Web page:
So. Plastic 13.5mm figures. Who would have thought it? I have to my right about 600 painted Epic ACW infantry (Warlord and Kallistra), cavalry, guns and generals (Kallistra). Under the table, as a temporary footrest, is the Epic starter box and some extra regiments, unopened since March. Epic appealed so much, I cracked in minutes. I love the idea and the bulk buy price, I can accommodate the scale (I quickly made some smaller trees!), I can live with the first wave failings, but I strongly dislike the second wave of releases and now, I am wavering. Fickle is my middle name. Simply put, I got busy at work, I lost momentum, and the project has stalled before the basing stage. But I am grateful to Warlord for the injection of enthusiasm and a bunk-up back into the hobby. The hard truth is that I don’t really like ACW – I knew that from the start, but purchased anyway hoping the period would finally come to fruition (okay, Airfix ACW left their mark). Mainly, I like Dahlgrens, ironclads, painting butternut, and Confederate flags which these days I have to whisper.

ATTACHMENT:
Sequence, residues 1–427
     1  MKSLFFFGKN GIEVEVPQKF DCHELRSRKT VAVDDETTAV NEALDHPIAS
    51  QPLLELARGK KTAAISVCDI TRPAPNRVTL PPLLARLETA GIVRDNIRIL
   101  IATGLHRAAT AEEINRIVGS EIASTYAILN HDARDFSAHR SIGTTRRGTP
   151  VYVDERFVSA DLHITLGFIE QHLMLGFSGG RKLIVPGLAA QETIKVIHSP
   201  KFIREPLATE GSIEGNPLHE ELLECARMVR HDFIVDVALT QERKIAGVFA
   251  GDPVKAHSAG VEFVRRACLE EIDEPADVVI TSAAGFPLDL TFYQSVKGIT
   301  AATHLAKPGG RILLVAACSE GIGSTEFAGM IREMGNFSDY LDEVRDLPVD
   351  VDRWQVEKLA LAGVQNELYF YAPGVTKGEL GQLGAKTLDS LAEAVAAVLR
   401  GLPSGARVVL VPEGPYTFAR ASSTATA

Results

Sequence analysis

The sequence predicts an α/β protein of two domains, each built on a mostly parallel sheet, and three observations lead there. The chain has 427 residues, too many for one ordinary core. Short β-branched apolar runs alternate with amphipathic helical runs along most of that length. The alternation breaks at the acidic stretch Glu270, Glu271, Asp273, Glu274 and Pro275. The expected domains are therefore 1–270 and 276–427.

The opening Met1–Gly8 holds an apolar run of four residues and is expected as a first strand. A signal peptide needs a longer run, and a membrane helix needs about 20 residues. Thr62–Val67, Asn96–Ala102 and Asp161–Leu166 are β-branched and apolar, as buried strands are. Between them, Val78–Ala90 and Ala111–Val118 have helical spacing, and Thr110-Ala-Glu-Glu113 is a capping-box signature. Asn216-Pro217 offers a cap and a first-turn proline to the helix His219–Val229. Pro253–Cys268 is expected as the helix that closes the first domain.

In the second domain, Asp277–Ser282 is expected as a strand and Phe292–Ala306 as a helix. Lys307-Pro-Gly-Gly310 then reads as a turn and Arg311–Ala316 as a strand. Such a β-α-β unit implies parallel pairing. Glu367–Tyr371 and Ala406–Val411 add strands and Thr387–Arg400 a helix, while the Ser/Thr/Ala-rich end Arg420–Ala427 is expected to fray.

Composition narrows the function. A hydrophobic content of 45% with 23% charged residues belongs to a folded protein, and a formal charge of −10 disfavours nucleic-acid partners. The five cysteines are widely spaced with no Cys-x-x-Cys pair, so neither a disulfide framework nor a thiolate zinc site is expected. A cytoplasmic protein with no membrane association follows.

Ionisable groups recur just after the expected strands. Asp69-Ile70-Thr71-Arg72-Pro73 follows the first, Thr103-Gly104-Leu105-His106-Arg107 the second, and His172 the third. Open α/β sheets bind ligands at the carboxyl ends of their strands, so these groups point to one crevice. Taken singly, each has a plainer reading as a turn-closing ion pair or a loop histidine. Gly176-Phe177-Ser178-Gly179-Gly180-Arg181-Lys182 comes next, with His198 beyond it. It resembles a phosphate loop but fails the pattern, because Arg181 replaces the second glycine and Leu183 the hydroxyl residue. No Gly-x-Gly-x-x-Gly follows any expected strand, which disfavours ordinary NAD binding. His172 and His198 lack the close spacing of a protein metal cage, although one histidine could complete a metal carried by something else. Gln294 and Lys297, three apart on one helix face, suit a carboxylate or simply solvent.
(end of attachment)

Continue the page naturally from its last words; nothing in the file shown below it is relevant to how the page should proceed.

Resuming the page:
Epic seems very popular amongst the chattering hobbyists, a different breed to the hard core painter and gamer. Difficult to gauge such things these days, pandemic and all. My guess is, like me, people saw the 2,400 figure deal and bought in, large. I know some people who bought two or three sets. The record is 8,000 but if you know different…. What I can say is that are very easy to paint and crank out hundreds of troops. Some hardy souls are doing wonderful stuff – headswaps! – and keeping my Epic candle alight. But – in the cold light of day – I don’t need that many figures, all in the same pose and uniforms. Once I had started converting them, trimming hats and adding long coats and backpacks, I realised I was in trouble and missing the point. Conversions are for horse and musket, 30mm upwards. And with the Zouave pricing/resin, and the Iron Brigade fiasco, Warlord killed the goose before I had even finished painting the eggs.